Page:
8. Dynamic Sub-Resources
  10. Working with Databases
    1. Persistence Services
    2. The Java Persistence API
    3. JPA Support for JSR-303
    4. Handling IDs and Keys
    5. Cascading
    6. Caching
    7. Error Handling
    8. Hypermedia Challenges
  11. Sub-Resources
    1. Significance of Sub-Resources
    2. Exposing Sub-Objects
    3. Exposing Collections
    4. Multiple Paths to Resources
    5. Exposing Actions
    6. Using Sub-Resource Locators
    7. Collection vs. Instance Services
  12. The Client API
    1. The Builder Pattern
    2. Client
    3. WebTarget
    4. Invocation
    5. Basic Usage
    6. Managing Content Types and Entities
    7. Error Handling
    8. Registering Providers
    9. The Service Locator Pattern
    10. Generic Clients
  13. Filters and Interceptors
    1. The Filter Interfaces
    2. Processing Pattern
    3. The Request and Response Context Interfaces
    4. Aborting a Request
    5. The Interceptor Interfaces
    6. Adaptive Streams
    7. Filters on the Client Side
    8. Interceptor Strategy for Hypermedia
  14. Testing
    1. Testing JAX-RS Services
    2. Unit Testing and Integration Testing
    3. Mocking the Container
    4. The Jersey Test Framework
    5. Test Configuration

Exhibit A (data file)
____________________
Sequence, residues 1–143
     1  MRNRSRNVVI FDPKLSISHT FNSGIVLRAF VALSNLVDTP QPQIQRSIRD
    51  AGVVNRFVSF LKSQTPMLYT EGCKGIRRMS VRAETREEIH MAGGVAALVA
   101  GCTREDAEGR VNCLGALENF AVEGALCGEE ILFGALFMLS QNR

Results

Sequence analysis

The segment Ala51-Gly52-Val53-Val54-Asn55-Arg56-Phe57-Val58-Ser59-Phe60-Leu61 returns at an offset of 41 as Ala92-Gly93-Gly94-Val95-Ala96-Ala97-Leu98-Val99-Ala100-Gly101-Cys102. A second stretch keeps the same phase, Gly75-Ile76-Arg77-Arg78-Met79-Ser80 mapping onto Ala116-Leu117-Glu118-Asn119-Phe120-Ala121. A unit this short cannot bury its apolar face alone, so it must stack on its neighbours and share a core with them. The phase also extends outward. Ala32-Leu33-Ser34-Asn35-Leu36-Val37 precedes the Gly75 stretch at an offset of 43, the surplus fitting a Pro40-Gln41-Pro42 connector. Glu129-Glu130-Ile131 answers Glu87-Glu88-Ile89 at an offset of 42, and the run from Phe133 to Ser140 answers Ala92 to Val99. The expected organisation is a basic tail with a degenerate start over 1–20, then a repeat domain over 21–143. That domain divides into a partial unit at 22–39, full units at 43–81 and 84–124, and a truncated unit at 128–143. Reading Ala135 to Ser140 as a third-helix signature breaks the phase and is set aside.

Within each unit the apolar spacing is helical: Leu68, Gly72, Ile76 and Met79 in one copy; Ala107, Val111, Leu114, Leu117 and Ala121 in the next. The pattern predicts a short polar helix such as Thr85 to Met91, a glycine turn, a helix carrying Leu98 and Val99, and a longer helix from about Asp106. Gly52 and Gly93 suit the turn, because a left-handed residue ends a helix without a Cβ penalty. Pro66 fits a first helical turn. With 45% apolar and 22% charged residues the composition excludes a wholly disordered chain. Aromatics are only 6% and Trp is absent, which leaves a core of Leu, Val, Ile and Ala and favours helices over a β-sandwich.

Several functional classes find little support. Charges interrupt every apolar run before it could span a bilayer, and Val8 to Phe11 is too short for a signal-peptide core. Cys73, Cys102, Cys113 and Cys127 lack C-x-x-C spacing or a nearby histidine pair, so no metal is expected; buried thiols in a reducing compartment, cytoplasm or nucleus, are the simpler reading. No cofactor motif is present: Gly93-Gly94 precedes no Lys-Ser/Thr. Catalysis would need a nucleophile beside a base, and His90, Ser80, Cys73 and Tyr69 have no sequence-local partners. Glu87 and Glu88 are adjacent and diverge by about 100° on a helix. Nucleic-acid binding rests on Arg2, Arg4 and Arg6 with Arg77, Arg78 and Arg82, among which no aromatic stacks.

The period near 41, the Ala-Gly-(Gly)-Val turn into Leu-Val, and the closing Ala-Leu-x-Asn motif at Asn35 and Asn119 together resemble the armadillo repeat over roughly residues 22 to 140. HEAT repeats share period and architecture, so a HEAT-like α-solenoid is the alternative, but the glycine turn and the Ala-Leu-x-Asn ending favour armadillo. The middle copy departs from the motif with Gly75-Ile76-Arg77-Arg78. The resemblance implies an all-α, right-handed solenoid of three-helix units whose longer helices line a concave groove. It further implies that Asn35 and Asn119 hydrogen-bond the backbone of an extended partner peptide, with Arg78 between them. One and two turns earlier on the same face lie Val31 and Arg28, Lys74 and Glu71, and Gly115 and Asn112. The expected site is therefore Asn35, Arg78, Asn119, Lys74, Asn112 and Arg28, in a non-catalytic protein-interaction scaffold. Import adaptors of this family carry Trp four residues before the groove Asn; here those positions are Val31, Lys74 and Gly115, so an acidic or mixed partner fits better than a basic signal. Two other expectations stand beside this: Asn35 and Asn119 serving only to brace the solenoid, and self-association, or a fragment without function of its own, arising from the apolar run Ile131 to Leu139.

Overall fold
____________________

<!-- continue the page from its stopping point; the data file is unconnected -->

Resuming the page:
6. Mocking Dependencies
    7. Testing JAX-RS Clients
    8. Mocking Services
  15. Security
    1. Concerns for RESTful Services
    2. Authentication and Authorization
    3. HTTP BASIC and DIGEST
    4. HTTPS
    5. Programmatic Security
    6. SQL Injection
    7. Cross-Site Request Forgery
    8. Message-Level Security
    9. HMACs
Class Materials

Each student in our Live Online and our Onsite classes receives a comprehensive set of materials, including course notes and all the class examples.

Class Prerequisites

Experience in the following is required for this Java Web Services class:

  • Strong Java programming skills are essential
  • Experience with other Java EE standards, especially servlets and JSP, will be very helpful in class, but is not strictly required.

Experience in the following would be useful for this Java Web Services class:

    12/24/15 Donna: Updated materials to version 2.0.1 from Will Provost and updated outlines with the new sections added to this version.